Whether it is the headboard of a bed
a three-dimensional mountain landscape,
or a dining table with a "river" of turquoise running through it,
AD Tonnesen creates pieces combining exquisite and diverse materials from nature.
It grows quietly and stubbornly in the harsh environment of the Southwest. It is twice as hard as oak and more stable. It has a rich color with warm hues and crimson undertones. I choose it for its variety of grain and its intriguing shapes, which go from wild to sedate. Every piece reveals a story of battle scars and wounds. However, after receiving the attention of a craftsman's caring hands, the wood develops a satisfying silken feel that soothes a sensitive heart.
Juniper trunks and branches are naturally sculpted by nature and make beautiful bed posts and table legs. I usually ebonize them and either leave them as nature made them, or I plane them flat on one or two sides to accent the visual interest of the natural edges. Occasionally, Juniper gets big enough to cut into slabs, and its creamy color is a natural compliment to the warm hues of Mesquite.
Spalting is a natural process created by fungus in a fallen tree. Slabs cut from these trees have incredible details that appear like line drawings containing subtle colors and shapes. I often enjoy using them as foregrounds in my landscape pieces.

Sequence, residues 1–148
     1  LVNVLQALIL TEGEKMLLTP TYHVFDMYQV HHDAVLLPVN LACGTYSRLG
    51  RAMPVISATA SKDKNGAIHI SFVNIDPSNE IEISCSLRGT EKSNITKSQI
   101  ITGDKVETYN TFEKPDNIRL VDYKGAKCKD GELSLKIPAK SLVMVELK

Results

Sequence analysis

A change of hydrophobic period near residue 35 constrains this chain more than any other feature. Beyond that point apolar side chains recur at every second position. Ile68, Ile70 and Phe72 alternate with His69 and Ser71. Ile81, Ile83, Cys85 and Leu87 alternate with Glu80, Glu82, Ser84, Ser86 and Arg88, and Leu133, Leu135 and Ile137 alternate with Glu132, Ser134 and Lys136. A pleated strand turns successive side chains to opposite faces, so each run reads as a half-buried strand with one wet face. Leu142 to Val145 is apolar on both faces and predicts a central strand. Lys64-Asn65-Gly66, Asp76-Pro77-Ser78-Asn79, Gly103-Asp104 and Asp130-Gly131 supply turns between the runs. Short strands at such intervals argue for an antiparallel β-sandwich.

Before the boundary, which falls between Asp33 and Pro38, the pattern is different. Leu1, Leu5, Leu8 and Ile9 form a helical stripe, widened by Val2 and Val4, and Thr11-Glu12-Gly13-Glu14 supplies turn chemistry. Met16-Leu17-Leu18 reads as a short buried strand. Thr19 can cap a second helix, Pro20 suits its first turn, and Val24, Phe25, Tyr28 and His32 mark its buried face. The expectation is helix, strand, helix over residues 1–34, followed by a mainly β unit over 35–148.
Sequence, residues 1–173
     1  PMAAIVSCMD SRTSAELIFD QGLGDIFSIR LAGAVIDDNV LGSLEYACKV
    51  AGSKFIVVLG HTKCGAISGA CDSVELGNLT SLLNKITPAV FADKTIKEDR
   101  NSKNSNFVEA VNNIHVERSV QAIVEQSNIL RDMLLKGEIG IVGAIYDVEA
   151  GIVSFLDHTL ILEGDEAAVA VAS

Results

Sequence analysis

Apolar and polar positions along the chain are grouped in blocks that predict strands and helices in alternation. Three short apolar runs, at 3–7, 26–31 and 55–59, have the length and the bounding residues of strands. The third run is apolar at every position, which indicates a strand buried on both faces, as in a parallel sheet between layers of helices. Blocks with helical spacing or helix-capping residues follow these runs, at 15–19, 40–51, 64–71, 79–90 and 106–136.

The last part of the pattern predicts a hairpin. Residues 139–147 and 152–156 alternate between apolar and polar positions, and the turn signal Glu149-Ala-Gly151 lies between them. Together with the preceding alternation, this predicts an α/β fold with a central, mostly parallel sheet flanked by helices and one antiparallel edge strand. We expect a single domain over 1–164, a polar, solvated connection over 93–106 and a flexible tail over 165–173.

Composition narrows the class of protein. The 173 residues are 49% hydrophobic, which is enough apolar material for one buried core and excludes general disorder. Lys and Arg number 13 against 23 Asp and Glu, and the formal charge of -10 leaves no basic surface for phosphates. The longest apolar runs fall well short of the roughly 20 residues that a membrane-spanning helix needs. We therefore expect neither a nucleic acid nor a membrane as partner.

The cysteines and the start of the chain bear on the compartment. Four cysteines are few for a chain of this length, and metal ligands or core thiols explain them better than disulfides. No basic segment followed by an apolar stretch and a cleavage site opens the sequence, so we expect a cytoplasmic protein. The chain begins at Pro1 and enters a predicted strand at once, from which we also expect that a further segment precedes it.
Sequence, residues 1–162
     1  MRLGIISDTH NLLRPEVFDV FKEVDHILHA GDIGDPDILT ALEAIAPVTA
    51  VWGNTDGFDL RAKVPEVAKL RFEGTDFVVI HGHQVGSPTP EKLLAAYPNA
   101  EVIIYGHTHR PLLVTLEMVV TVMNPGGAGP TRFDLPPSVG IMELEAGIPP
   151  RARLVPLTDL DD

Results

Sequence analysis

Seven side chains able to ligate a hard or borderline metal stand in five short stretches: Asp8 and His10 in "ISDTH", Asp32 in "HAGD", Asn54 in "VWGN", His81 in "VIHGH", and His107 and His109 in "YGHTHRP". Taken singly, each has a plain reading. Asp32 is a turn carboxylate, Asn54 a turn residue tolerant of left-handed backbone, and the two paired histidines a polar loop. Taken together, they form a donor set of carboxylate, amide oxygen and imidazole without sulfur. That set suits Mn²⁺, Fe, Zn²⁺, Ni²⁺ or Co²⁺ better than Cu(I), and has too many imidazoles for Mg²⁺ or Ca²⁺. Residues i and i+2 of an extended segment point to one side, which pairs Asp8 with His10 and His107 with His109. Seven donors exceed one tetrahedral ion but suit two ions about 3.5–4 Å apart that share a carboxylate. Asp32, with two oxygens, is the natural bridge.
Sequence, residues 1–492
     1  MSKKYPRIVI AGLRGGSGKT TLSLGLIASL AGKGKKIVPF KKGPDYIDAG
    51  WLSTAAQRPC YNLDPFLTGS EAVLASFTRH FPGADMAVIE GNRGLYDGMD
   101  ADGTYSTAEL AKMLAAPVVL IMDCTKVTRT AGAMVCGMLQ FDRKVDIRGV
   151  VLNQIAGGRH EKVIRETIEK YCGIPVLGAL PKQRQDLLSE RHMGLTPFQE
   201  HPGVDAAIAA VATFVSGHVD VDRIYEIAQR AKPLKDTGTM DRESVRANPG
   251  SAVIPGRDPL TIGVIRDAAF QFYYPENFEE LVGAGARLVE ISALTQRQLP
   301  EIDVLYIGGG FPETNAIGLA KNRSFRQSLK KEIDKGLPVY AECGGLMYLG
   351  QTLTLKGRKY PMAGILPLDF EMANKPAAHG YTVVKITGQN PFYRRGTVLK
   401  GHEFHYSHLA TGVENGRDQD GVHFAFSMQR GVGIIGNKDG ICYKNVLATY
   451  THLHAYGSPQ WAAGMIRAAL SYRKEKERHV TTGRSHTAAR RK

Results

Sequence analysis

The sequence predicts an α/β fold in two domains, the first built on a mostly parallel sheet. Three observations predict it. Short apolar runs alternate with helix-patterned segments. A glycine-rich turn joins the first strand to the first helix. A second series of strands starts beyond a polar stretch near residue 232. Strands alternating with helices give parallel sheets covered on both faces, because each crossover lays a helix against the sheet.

In my opinion, Walnut is the perfect complement to Mesquite. It's natural brown color, fine shading and variety of grain is unparalleled. Sometimes I like to use Texas Walnut, sometimes I prefer Colorado or Midwestern Walnut. It can come from many different places, but it is always stunning.
The Navajo used turquoise because it was the color of the sky and "Sleeping Beauty" turquoise is the most vibrantly blue of all. It is by far my favorite variety and so I use no other . Some furniture makers use crushed turquoise in their designs, however, I use only small rounded nuggets in mine. My personal belief is that it is so stunning and powerful that it should be used in moderation. I set it against a black background as this accentuates it and adds drama.
The details in stone are as varied as the details in wood. Picture jasper have beautiful landscape scenes within them: mountains, skies and hillsides combine in a beautiful array of colors and form. Biggs, Deschutes, Owyhee and McDermott are my favorites. They are mostly found in the arid climates of the Northwest.
River rocks, green schist, limestone, red schist and petrified wood are some of the stones I use. I find their colors and textures pleasing. There is something visceral and pleasing about rolling up one's pants and walking barefoot in a river full of tumbled rock. Such rocks are simple yet striking and each is a unique expression of the environment which created it.
Silver is the color of clouds yet has the shine of a morning sun. I like to create and use silver inlays that compliment the natural landscapes in my pieces. Sterling silver has a subtle softness when polished that fits seamlessly with the grains and textures of various woods.
23.5 carat gold leaf is the purest leaf that one can get which can still be handled by human hands. No other substance has the rich color, effulgent glow or contains the lure of the mountains as does gold. At times I inlay it into the voids and cracks of a surface to create depth and glow. Sometimes I use it in conjunction with light transferring materials as it aids in transmitting warmth to the dispersed light and creates a cozy feeling.